"Capturing accomplishments over time and continuously throughout the year allows for a more accurate and meaningful assessment of an employee's performance," Petzelt said.

Another software vendor, Cornerstone OnDemand, has taken the approach of giving HR administrators and the employees they support two distinct tools: For HR, there's a mobile-friendly version of the desktop app, while a consumer-style app serves up easy-to-complete tasks to employees.

But that flexibility hasn't helped to overcome many buyers' concerns about device security -- concerns that often keep them from rolling out mobile HR tools, according to Jason Corsello, senior vice president of strategy and corporate development at Cornerstone OnDemand.

As a result, "We haven't seen that mass adoption yet in the enterprise," Corsello said.

Gretchen Alarcon, group vice president of human capital management product strategy at Oracle, said companies that choose to let perceived obstacles stop them from extending HR functions to mobile devices risk alienating younger employees and job seekers.

"If I have grown up with all of this -- my life is on social, and I do everything on mobile -- and now I'm going to go to a company that doesn't do anything via mobile, what does that say?" Alarcon asked.

It's an important question that's at the root of future success of mobile HR, and it doesn't always point toward real fears such as security. Sometimes, it simply calls attention to a company's lack of mobile vision.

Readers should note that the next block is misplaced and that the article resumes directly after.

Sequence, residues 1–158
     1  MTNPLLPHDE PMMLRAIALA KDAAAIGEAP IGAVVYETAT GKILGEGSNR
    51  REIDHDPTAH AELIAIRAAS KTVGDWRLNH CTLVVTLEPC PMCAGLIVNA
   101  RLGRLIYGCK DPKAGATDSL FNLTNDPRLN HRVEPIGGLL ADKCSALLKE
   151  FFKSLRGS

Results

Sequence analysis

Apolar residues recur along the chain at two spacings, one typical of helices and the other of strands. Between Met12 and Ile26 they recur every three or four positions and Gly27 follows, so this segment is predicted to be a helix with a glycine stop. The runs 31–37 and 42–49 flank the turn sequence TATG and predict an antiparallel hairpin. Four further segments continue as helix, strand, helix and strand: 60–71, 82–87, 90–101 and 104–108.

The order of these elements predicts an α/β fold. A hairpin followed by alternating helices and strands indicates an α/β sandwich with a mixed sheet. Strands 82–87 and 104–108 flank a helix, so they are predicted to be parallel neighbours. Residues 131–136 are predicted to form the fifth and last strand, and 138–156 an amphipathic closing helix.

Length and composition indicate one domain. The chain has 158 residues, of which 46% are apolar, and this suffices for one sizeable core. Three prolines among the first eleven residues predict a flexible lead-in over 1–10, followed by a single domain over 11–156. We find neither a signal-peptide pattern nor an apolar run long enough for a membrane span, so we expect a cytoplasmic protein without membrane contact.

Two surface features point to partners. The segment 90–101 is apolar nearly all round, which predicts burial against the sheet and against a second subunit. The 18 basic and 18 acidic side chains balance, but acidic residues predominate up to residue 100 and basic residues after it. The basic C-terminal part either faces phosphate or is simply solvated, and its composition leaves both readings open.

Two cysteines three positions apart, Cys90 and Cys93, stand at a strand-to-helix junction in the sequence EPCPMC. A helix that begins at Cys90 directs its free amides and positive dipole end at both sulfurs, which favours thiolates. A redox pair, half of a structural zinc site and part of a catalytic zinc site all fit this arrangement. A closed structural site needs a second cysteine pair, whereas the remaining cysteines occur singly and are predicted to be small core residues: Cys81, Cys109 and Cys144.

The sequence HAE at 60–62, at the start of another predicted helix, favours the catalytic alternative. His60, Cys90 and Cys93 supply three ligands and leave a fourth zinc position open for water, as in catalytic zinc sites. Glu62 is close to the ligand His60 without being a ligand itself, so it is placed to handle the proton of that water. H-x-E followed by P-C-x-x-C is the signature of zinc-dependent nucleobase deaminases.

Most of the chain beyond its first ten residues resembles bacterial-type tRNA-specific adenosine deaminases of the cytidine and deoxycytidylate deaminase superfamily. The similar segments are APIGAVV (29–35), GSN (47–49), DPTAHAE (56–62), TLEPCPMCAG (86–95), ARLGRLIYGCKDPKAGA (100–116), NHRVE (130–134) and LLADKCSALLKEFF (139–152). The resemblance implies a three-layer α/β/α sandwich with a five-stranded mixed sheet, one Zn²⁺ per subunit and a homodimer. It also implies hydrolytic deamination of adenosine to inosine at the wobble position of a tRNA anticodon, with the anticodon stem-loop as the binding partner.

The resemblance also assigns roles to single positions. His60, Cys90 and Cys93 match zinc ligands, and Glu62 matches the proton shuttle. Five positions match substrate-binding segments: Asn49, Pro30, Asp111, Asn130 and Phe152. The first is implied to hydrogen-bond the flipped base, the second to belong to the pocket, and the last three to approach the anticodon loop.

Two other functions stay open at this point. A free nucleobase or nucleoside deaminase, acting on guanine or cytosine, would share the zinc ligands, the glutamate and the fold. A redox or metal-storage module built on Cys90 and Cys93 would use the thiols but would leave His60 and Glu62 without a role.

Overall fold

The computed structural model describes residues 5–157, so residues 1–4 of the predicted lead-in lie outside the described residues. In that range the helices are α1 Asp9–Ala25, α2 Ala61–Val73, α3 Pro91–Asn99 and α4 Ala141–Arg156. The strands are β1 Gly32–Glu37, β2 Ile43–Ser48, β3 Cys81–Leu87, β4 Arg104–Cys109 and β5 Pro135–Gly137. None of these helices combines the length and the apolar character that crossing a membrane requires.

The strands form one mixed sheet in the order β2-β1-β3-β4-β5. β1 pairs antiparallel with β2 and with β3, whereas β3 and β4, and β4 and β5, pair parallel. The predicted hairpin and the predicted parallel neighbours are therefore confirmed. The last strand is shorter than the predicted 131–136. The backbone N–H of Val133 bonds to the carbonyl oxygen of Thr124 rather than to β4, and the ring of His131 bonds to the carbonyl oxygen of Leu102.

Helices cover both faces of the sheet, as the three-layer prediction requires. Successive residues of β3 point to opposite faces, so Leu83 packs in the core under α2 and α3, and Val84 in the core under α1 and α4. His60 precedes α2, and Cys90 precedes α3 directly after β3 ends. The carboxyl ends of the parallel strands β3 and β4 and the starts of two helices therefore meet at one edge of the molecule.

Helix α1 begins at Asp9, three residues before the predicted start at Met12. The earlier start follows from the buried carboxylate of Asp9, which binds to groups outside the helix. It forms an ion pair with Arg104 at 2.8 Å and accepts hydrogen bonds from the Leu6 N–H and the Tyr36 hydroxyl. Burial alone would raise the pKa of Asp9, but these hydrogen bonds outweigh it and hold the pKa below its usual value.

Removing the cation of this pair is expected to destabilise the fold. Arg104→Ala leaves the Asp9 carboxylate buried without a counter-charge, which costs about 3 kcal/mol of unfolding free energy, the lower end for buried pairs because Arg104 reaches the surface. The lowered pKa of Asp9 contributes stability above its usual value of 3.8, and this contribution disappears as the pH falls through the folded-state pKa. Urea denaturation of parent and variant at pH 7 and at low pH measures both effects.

Along those lines, IDC's Rowan said the one-third of companies that have formal BYOD policies is counteracted by the two-thirds that either have no policy or specifically prohibit BYOD, usually out of legal concerns.

Those companies, she said, would be well advised to take a more balanced approach.

"They need to be able to put policies in place in such a way that the company is in good shape but is embracing these new technologies," Rowan said.

HR needs customer-centric mindset

BYOD policies aside, sometimes the HR department's arrogance dooms a company's mobile HR strategy. Brian Sommer, founder of tech consultancy TechVentive Inc., said a lot of companies' mobile HR apps appear to have been designed to simplify the lives of HR staff rather than rank-and-file employees.

A mobile HR app "has to be designed for workers, not HR professionals," Sommer said. "It has to be part of a comprehensive service operation from HR that correctly coexists with the reality of the workforce."

The good news, he said, is that many vendors have figured this out and have tweaked their products to revolve more around end users. The bad news is, even if a company has a strategic vision for mobile HR and great products at its fingertips, HR executives still face an uphill battle securing the budget dollars to bring that vision to life.

"HR generally gets the leftovers of the IT budget," Sommer said. "What they need is a considerable, well-thought-out HR strategic that they can show to the executive committee."

That means establishing mobile HR as a higher priority by illustrating what the competition is doing to engage employees, retain workers and find talent. In other words, HR execs have to paint a sky-is-falling picture of what might befall the company if it continues to short-change mobile HR.

"If the pain becomes apparent and great," said Sommer, "then the money will flow."